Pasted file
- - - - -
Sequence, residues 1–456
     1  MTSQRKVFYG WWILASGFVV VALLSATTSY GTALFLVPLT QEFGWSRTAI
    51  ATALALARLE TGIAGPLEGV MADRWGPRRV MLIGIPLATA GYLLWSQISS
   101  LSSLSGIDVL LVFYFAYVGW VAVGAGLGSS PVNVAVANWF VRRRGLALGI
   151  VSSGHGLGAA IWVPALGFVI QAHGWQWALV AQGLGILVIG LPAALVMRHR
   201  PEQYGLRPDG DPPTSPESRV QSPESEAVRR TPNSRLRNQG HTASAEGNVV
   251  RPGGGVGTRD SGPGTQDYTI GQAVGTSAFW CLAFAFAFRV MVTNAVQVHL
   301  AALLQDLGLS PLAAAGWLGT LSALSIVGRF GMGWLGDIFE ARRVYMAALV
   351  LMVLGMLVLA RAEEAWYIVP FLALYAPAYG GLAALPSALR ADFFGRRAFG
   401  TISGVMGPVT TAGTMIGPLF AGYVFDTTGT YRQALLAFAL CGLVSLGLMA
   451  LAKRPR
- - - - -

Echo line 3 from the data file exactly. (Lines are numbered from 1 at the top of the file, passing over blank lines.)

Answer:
    51  ATALALARLE TGIAGPLEGV MADRWGPRRV MLIGIPLATA GYLLWSQISS